Children's books

WITH the Children’s Book Festival imminent, now is a good time to introduce the very young to the pleasure of reading.

Debi Gliori’s books for toddlers are always a delight.

Her newest story, Stormy Weather (Bloomsbury; €13.90 HB) has all her trademark cosy charm. In rhyming format, it focuses on the comforting protection of animal and bird mums or dads for their young in the night.

A beautiful bedtime book to share with age two-plus.

Following his immortal We’re Going on a Bear Hunt, Michael Rosen continues his bear theme with Bear Flies High (Bloomsbury; €13.90).

With toddler-friendly repetitive refrain throughout, we follow Bear as he explores the beach. With Adrian Reynolds’s superb illustrations, this read-aloud book is a treat for age three-plus.

Dragons generally get bad press, but author/illustrator Jackie Morris dispels their fearsome reputation with Tell Me A Dragon (Frances Lincoln; €15.15 HB). Every kind of dragon, each accompanied by a child who describes the virtues of his or her particular dragon, is shown in splendid, colourful spreads.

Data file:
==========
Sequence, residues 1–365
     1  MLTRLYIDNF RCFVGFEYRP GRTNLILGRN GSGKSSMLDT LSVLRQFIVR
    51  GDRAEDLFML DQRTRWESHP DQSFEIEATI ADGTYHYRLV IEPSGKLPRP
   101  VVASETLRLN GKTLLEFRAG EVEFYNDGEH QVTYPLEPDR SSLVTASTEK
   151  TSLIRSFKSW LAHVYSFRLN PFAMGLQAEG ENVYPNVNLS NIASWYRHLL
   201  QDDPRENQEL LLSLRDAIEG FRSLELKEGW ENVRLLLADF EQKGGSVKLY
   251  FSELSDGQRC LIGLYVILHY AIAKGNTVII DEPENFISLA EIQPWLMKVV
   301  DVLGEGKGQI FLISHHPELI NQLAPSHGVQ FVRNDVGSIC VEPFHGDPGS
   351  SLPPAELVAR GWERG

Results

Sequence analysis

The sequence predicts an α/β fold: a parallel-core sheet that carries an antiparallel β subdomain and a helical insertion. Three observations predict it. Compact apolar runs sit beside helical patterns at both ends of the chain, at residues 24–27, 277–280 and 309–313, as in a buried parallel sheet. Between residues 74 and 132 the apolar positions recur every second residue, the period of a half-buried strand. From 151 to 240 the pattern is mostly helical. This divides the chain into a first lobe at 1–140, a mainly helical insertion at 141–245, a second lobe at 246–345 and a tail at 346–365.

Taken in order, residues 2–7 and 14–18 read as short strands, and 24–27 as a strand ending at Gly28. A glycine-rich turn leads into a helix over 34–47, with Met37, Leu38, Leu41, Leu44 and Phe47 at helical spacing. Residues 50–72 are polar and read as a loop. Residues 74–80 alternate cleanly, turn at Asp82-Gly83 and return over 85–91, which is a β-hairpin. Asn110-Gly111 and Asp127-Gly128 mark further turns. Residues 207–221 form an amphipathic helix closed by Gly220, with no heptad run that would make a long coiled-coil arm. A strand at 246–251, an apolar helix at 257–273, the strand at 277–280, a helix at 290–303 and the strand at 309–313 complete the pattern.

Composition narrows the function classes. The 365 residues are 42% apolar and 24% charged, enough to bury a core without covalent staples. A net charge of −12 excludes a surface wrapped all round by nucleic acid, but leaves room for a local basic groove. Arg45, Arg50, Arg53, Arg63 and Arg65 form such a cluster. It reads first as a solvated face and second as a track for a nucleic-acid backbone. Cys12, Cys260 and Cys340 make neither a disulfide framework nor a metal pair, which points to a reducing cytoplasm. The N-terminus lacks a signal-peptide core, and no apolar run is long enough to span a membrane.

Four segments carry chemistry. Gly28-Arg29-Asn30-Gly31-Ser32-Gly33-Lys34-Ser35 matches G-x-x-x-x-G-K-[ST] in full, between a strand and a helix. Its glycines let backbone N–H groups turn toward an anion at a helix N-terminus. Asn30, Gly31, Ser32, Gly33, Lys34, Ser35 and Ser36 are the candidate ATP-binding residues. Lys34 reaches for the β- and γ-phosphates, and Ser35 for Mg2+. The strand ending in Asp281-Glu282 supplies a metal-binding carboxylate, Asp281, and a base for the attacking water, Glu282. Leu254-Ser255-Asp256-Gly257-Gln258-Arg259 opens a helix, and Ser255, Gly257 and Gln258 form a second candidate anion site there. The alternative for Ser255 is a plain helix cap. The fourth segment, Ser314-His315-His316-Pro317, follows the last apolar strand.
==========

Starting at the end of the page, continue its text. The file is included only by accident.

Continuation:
Super Daisy and the Peril of Planet Pea by Kes Gray and Nick Sharratt (Red Fox; €8.80) begins with Daisy telling her two pals about her most hated vegetable – the pea. With imagination on overdrive she wonders what would happen if Planet Pea collided with Earth. It would mean “peas with everything!” Peas with jelly, ice cream, yoghurt and cake. So it’s up to Super Daisy to prevent a Pea invasion.

A laugh-aloud read for age four-plus.

Best-Loved Irish Legends by Eithne Massey, illustrated by Lisa Jackson, (O’Brien; €14.99 HB) is a simplified re-telling of well-known folk tales – the Salmon of Knowledge and the Children of Lir are just some of the legends which are told in child-friendly format for age seven-plus.

A book to keep and treasure.


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